Health communication key to uptake of early-age cat desexing

The Cat Protection Society of NSW has announced a positive change in owner attitudes to responsible cat ownership, but with kitten season around the corner, it’s not time to be complacent about keeping our felines healthy, said Cat Protection CEO Kristina Vesk.

“Understanding the health benefits of desexing has the potential to persuade almost all current and future owners to desex their cats,” said Ms Vesk.

A key finding of Cat Protection’s June 2018 Ipsos survey was that most cat owners (90%) have already desexed their cats and 88% of future cat owners would desex their cats.

BENEFITS OF EARLY-AGE CAT DESEXING

The survey then provided information about the benefits of early-age cat desexing:

  • Desexing is safe
  • Female cats can get pregnant from as young as 4-5 months
  • Desexing has health benefits, such as reducing the risk of various cancers
  • Desexing has behavioural benefits, such as less wandering, fewer cat fights and cats less likely to ‘spray’ (urine)

More than 60% of owners of desexed cats knew of these benefits but fewer than half the owners of undesexed cats, and future cat owners, knew of the benefits. After the health communications, when asked again about desexing intention, almost all respondents stated they would desex their cats.

“This insight is not a fluke – last year’s survey identified that providing information about the benefits of early-age desexing could increase the rate of cat desexing by up to 11%,” said Ms Vesk. “Two decades of evidence show that early-age desexing is medically and behaviourally safe. However, many people remain unaware of its benefits. All of us in pet, welfare and veterinary services need to do more to educate people about the benefits of early-age desexing if we are to manage feline population growth.”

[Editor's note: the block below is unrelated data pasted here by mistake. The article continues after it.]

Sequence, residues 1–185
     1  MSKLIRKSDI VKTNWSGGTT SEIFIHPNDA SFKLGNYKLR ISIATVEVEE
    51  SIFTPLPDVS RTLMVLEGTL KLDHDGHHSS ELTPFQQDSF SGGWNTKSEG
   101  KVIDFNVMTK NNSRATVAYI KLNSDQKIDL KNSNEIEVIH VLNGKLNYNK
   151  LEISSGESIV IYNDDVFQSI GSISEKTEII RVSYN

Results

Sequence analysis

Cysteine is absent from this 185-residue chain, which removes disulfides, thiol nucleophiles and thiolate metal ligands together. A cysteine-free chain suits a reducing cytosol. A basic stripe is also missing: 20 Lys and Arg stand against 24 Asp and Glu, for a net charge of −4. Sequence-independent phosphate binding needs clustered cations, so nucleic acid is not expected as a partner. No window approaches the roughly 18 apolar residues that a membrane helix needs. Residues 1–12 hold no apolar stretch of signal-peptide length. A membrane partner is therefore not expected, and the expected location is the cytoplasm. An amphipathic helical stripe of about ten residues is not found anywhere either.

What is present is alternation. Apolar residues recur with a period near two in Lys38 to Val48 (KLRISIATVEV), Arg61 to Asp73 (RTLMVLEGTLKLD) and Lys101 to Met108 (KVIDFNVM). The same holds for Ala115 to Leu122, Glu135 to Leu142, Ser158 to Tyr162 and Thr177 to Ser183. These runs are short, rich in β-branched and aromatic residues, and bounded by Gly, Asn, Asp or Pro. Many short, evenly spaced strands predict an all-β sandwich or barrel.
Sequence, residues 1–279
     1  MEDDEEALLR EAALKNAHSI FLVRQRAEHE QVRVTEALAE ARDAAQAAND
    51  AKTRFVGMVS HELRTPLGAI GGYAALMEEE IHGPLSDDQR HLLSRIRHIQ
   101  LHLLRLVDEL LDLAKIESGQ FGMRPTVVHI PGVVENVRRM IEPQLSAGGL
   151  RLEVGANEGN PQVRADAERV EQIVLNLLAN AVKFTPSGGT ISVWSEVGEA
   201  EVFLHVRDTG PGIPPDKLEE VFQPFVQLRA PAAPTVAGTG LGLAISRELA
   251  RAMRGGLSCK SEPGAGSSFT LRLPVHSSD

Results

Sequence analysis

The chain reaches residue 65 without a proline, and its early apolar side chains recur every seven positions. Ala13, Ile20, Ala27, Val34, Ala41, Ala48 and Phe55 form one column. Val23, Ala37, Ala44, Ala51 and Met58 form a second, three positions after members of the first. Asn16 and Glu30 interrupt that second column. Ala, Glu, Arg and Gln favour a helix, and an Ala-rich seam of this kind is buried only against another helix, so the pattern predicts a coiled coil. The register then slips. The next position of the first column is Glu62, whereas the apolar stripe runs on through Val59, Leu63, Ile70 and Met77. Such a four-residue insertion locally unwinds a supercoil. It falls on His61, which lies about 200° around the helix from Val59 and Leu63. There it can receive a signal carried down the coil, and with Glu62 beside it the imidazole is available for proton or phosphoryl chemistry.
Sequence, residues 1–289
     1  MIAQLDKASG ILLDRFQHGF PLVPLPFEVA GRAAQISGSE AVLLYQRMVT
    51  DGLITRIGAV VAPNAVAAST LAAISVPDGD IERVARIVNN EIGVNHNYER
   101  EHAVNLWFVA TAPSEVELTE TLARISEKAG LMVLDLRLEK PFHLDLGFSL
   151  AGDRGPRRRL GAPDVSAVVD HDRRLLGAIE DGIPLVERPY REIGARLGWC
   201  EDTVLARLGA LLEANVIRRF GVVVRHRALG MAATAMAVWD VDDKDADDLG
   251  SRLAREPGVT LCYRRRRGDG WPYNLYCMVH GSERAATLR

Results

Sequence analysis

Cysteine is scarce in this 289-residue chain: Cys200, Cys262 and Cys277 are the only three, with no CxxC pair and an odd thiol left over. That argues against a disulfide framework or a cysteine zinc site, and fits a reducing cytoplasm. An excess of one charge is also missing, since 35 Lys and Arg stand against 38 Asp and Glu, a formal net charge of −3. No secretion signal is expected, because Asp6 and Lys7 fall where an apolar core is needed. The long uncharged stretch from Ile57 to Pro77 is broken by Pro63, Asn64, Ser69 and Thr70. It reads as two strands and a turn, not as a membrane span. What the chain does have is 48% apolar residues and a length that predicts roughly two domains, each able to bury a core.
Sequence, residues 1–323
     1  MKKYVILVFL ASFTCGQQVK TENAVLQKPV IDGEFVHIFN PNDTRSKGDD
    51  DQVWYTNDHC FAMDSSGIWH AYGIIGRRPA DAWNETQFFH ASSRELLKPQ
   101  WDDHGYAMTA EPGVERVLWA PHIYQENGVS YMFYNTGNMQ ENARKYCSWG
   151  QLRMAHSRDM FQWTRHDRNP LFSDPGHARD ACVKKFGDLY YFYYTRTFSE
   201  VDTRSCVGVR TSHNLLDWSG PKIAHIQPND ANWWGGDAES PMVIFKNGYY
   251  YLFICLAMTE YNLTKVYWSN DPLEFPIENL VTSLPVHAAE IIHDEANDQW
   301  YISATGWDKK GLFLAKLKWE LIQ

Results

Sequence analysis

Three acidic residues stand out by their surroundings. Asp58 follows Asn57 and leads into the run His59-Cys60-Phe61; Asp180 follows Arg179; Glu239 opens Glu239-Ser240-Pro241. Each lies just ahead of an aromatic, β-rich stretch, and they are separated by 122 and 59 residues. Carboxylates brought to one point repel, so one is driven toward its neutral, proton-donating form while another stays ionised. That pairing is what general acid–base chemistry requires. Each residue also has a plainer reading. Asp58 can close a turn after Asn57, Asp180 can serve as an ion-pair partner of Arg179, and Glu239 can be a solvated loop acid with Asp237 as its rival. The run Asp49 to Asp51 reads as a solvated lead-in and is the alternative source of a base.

Cat Protection Society resources on cat desexing

 Cat Protection’s consumer website (catprotection.org.au) has two videos on the benefits of early-age desexing, one of which includes Auslan interpreters as well as links to veterinary reports and factsheets, including bilingual cat welfare information (Arabic/Hindi/Vietnamese/Simplified Chinese).

Cat Protection’s website for people who work with cats (catcare.org.au) offers a free CPD-points accredited education package for veterinarians on early-age desexing. Cat Protection’s Good Neighbour Project brochure (which promotes all aspects of responsible cat ownership) is available free of charge to vet clinics, pet shops, and councils.

“Age of cat and expense were the top two reasons people gave for not yet desexing their cats. Both these obstacles can be overcome with information and discounted services such as those provided by Cat Protection and other animal welfare charities,” said Ms Vesk. “We are grateful for the support of our members and donors, Professor Barrs and all the vets who work with us. We will continue our efforts to assist cat owners and we’re proud that our concerted vaccination campaign delivered strongly for feline health.”